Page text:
2023-03-01 to 2026-02-28
Approx. 1 mil. EUR
Esben Moland Olsen
Flødevigen Marine Research Station, Institute of Marine Research, His, Norway
CRIOBE Research Unit, French National Centre for Scientific Research, Paris, France
Fisheries, Biodiversity and Conservation Research Group, Centre of Marine Sciences – University of Algarve, Faro, Portugal
Department of Ecology and Marine Resources – Fisheries Ecology Group, Institute of Marine Research – Spanish National Research Council, Vigo, Spain
Larger predatory fish play key functional roles in marine ecosystems and are of important socioeconomic value. Being close to the top of the food web, these species can have strong influences on ecosystem functioning via trophic cascades. Capable of travelling long distances, predatory fish can also play a major role in connecting ecosystems, acting as vectors for nutrient flow and carbon sequestration. In addition, specialised behavioural tactics including differences in habitat use and foraging are likely to shape their functional roles in the ecosystem. From an evolutionary perspective, such individual variation represents the raw material for natural selection. The scales at which these behaviours occur, however, poses important challenges for science and conservation. The current system of European marine protected areas (MPAs) consists mainly of small separate units covering a few km2, at least when considering areas that are protected from fisheries. Small MPAs, being unable to protect the fitness of mobile phenotypes, may therefore change the course of contemporary evolution with potential feedback on ecological processes and resource availability for fisheries. MOVE will assess the movescapes of coastal predatory fish, that is, their full range of movement signatures and food web links against the needs for truly effective MPA networks.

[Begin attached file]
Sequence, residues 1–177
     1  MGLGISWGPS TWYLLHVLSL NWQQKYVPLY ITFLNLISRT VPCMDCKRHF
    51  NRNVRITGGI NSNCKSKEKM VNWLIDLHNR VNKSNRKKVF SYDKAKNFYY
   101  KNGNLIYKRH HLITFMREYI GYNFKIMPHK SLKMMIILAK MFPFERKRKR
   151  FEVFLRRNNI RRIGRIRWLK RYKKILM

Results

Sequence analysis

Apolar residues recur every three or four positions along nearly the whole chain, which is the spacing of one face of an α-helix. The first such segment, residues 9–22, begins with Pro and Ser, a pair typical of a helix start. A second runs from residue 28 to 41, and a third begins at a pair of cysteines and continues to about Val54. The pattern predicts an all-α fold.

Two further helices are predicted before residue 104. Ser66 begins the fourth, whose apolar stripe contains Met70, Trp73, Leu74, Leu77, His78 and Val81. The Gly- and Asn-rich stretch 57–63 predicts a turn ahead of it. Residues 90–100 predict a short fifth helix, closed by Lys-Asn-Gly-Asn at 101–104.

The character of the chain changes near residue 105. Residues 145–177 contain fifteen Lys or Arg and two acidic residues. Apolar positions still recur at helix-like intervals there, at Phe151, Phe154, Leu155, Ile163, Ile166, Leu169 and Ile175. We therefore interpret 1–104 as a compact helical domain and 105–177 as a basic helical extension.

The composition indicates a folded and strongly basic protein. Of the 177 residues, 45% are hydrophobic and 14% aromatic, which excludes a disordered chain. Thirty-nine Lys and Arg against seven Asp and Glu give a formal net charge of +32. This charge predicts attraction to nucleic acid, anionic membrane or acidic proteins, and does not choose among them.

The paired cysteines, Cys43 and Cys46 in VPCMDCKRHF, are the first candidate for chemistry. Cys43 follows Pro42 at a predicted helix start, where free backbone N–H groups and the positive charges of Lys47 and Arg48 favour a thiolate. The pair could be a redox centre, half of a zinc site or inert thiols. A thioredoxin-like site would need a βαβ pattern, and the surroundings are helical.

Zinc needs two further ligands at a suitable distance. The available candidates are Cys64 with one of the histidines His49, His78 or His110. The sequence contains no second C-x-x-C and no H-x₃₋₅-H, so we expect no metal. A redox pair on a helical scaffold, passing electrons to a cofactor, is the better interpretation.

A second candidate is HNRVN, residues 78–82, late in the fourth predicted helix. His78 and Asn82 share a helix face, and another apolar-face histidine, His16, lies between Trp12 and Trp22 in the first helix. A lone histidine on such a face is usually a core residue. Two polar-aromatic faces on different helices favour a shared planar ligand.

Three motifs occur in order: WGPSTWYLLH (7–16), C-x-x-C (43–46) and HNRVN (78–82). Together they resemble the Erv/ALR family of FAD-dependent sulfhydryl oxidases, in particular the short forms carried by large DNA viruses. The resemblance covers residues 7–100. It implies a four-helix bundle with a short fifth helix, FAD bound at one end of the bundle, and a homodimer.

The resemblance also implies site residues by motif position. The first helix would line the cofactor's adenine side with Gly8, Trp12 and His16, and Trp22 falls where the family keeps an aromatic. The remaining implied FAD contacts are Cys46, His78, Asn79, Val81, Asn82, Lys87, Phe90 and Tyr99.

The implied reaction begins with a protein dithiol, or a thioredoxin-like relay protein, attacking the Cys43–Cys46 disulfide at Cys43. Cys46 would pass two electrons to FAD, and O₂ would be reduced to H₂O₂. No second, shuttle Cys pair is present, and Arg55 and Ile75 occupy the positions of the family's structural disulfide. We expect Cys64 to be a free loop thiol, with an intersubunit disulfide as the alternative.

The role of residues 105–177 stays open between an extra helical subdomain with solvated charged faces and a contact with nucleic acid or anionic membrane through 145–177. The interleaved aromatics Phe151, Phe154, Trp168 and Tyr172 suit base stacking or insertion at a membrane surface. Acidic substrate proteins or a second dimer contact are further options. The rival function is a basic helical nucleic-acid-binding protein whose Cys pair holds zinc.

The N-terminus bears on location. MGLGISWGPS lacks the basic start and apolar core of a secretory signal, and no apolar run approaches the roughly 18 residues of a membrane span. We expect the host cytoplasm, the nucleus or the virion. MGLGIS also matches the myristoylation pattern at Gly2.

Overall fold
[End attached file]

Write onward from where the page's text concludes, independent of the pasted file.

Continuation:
The main objective of MOVE is to improve the conservation and sustainability of fisheries of coastal predatory fishes in Europe, to increase the resilience of coastal social-ecological systems.
Co-production will be a key activity, where stakeholders such as fishers and managers will be directly involved in all stages of the project including study design and questions. Specifically, stakeholder involvement will be ensured via participatory workshops, surveys and invitations to take part in field work and fish tagging. Mapping of fish movescapes and ecological roles will mainly rely on tracking tagged individual predator movements within large scale listening arrays of moored telemetry receivers, including current and potential future MPAs. We will also combine information about the size and protection levels of the different MPAs across Europe, with information about the distribution and mobility of the different species. Main findings will be synthesised in layman reports and policy briefs for national and European authorities. These will highlight the lessons learned and recommendations for more effective management and conservation strategies related to predatory fish. As an example, we expect that results from our project will feed directly into the planned zonation of existing Marine National Parks into effective MPA networks including movement corridors and climate refugia for predatory fish.